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Inca provides wide-format upgrade in Surrey

Wilmot-Budgen, a Surrey-based printer specialising in retail point-of-sale production, has worked directly with Inca to upgrade its Onset R50i to an Onset X2.

 

The Surrey-based firm, which originally acquired the R50i through Fujifilm, was considering installing an Onset X3 when Inca offered an alternative solution. The resulting ‘end of support’ upgrade was the first of its kind carried out by Inca and suited Wilmot-Budgen as it made ‘much more sense financially’ than a brand new investment.

 

The Onset R50i wide-format printer, which had been at Wilmot-Budgen for five years, was initially chosen because of its on-board nozzle mapping, reliability, and flexibility around consumables. When the time came to consider an upgrade, however, the company wanted to prioritise adding value based on quality, as operations director Peter Burford, explained, ‘We had to look at what a new machine would mean for us – we thought about the Onset X3 from Inca. I think it’s fair to say that the main difference there is speed increase, and there wasn’t really a need for us to make use of the highest speed.’

 

As a result Inca suggested the upgrade, which has allowed Wilmot-Budgen to retain its high levels of product and print quality as well as marking the beginning of the relationship between the two companies that will enable Inca to continue providing support, upgrades, additional hardware components, and higher quality print modes.

 

Mr Burford continued, ‘After only having dealt with Fujifilm, we started speaking directly to Inca about the possibility of refurbishing the machine to extend its life. We knew that parts of it were mechanically sound but that some parts would become difficult or worse still not be able to be supported and as we were happy with the quality and speed, we wanted our already paid for asset to last for potentially another five or so years.’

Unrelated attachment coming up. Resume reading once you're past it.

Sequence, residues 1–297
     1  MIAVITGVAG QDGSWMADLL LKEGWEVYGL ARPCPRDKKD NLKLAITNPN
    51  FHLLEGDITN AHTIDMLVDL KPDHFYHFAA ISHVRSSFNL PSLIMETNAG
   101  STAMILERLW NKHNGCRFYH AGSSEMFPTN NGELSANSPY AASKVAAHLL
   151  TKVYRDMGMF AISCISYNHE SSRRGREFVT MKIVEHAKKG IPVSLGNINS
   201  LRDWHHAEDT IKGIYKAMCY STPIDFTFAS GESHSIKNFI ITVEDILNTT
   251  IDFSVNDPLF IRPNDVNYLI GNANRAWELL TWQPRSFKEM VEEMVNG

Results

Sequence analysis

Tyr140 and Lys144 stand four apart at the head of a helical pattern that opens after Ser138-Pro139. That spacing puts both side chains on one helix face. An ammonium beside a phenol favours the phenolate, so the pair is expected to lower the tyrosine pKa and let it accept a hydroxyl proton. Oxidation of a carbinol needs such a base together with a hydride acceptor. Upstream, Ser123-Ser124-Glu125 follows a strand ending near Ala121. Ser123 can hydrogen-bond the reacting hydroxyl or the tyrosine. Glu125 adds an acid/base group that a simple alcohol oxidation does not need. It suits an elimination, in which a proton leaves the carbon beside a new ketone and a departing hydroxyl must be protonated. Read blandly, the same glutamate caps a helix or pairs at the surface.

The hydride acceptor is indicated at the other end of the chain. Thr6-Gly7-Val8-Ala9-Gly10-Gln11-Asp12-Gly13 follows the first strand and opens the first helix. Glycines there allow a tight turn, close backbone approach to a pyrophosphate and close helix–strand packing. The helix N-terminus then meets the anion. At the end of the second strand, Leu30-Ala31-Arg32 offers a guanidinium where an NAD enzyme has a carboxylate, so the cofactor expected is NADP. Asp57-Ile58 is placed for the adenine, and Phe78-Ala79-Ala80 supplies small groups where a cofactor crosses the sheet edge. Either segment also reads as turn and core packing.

The upgraded machine has already doubled Wilmot-Budgen’s productivity, from producing 300 – 350sqm of work an hour to 700sqm/hr, whilst also being well suited to the company’s more complex tasks. ‘We typically ran most jobs in eight-pass prior to the upgrade, and now we’re running the majority of jobs in six-pass, so we have seen the speed increase as well,’ concluded Mr Burford. ‘We’re also not having to do the additional cure passes now, so that’s been beneficial. Before when we had the two curing passes, six-pass was eight-pass and eight was ten in gloss mode, and we run a lot of stuff in gloss.

 

‘The company’s evolved a little bit since we started producing digital, and different markets have opened up such as floor graphics, which we sometimes do on the Inca. The typical Wilmot-Budgen cardboard thing has definitely evolved since we’ve had the Inca and a couple of other machines.’